So Now What?
My main focus now is full steam ahead to crank through my remaining externship hours. I jokingly call it “the race against the belly” to finish up before my pregnant belly inhibits me from navigating safely and comfortably in the kitchen. So far, I’ve been handling it pretty well, but also allowing myself ample down time to recouperate between shifts. If all goes according to plan, I should be finished around the end of October, when I’ll be about 33 weeks along.
 
After that, we’re on to the home stretch, with the baby due mid December. I’m planning to take it as easy as possible in my final weeks of pregnancy, and I’m sure I’ll be buried in new motherhood fog over the holidays and early next year. After that, I’m hoping/planning/preparing to get back on track with regular posting and figuring out the long term plan for Serving Seconds or other food media avenues I may want to explore.
 
I’m also really looking forward to the final culinary school wrap up when I reunite with all of my classmates at our graduation ceremony in January…crazy to think I will be a mother by that time, and my little one will be attending with me!
 
Needless to say, it’s been a whirlwind of a year full of interesting experiences, tons of new lessons learned, and, like so many new challenges in life, plenty of hard work. I’m grateful for the chance to have embarked on this journey and so excited for what’s yet to come…
 
If any readers out there have questions about SF Cooking School or culinary school in general, please feel free to reach out. I’m happy to share any additional info that you may find helpful. Good luck and happy cooking to all!!.
 
PS…thanks to Nancy, Bettyann, and SF Cooking School for a few of the borrowed pics.
 
 
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Anatomy of a Culinary Student

One of the most surreal moments I’ve experienced at San Francisco Cooking School was on day one, with the donning of my chef whites. Even today, over three months into the eight-month program, it still feels like “wait, am I really wearing this?” Each class, I get a little thrill out of buttoning up that boxy coat…pulling on my baggy elastic-wasted pants…and shoving my feet into clunky chef clogs. It may not be the sexiest getup I’ve ever put on my body, but I still love it.
 
Now that I’m spending 14 hours a week on my feet in a large commercial kitchen, I have a whole new appreciation for comfort, function, and safety when it comes to kitchen attire. You may not realize it (I didn’t really, until starting culinary school), but a chef’s uniform isn’t just a fancy getup that looks really cool on a cookbook cover. Each part serves a  purpose and protects hardworking cooks in what is actually a pretty dangerous workplace with lots of hot, sharp, heavy objects moving about. So here’s a little breakdown of what this outfit’s all about…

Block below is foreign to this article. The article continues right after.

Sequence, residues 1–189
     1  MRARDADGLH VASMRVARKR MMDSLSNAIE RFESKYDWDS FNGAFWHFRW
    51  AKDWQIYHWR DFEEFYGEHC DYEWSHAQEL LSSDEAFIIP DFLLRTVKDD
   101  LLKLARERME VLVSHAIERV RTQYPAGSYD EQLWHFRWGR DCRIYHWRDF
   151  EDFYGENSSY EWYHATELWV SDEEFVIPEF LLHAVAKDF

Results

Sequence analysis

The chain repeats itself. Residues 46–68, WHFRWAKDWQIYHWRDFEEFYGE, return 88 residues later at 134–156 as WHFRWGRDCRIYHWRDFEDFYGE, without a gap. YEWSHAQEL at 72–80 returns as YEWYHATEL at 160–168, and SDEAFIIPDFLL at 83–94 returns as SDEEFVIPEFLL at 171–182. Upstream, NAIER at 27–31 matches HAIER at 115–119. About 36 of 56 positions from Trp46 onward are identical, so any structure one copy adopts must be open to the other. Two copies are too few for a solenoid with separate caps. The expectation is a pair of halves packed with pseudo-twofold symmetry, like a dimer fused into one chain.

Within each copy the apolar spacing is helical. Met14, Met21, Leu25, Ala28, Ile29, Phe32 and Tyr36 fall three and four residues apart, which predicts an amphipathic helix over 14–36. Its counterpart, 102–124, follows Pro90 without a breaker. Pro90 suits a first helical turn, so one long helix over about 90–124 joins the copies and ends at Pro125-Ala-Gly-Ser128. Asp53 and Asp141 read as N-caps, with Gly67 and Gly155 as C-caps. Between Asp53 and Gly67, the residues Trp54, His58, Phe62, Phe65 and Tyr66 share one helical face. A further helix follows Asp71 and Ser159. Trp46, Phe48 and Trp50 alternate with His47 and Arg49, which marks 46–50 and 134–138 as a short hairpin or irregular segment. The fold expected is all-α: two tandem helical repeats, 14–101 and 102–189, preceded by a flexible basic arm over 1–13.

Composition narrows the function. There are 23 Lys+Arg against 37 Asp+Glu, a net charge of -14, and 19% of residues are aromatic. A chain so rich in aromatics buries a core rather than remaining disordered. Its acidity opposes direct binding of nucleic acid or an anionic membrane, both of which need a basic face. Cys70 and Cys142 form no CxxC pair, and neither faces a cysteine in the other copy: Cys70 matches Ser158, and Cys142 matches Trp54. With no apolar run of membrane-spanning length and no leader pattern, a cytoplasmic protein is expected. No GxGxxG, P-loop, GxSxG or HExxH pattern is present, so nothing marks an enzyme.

chef-coat
 
For starters, we never show up to class in our uniform. We show up in street clothes, and change in the locker room before class starts. This is not only a sanitary practice, but also prepares us for how things work in the “real world” of restaurants. Think about it…if you’re tromping around on the streets in your chef attire and shoes, you’re bound to bring some of those icky street germs into the kitchen, and that’s the last place you want them. Restaurants will typically provide a place for their cooks to change on premises, even if it’s nothing fancy. (Oh, and PS…our locker room, like most restaurants, is coed. You have the option to change in the bathroom, but I just go for it and have sort of mastered the process of “no exposure” changing amongst the group…hah!).
 
The chef coat is probably my favorite part of the whole uniform. It’s just so pretty, isn’t it? (It also helps that my school has the cutest logo ever). Have you ever heard why the coat is double-breasted? Apparently that is so chefs can cook up a storm with it buttoned to one side, and then they when they leave the kitchen to speak with guests, they can re-button it on the clean side. (Thanks to Gail Simmons for that little tidbit). The long sleeves are there to help protect your arms from burns, which I’ve thankfully managed to avoid thus far!
 
hat
 
Next comes my trusty little hat. I gotta admit, it’s not my favorite part of the uniform, but I totally get it’s purpose. After all, there is seriously nothing worse than a stray hair falling into food…or maybe worse, a bead of forehead sweat. For those of us with long hair, it’s a must to secure it in a bun or a braid…I go the braid route, mostly because it’s an excuse to show off my mad french braiding skills (hehe).
 
Hair and sweat…I know this is all kind of icky stuff to talk about, but doesn’t it make you happy to know chefs are taking these kinds of precautionary measures to help keep gross stuff out of your food?
 
chef-getup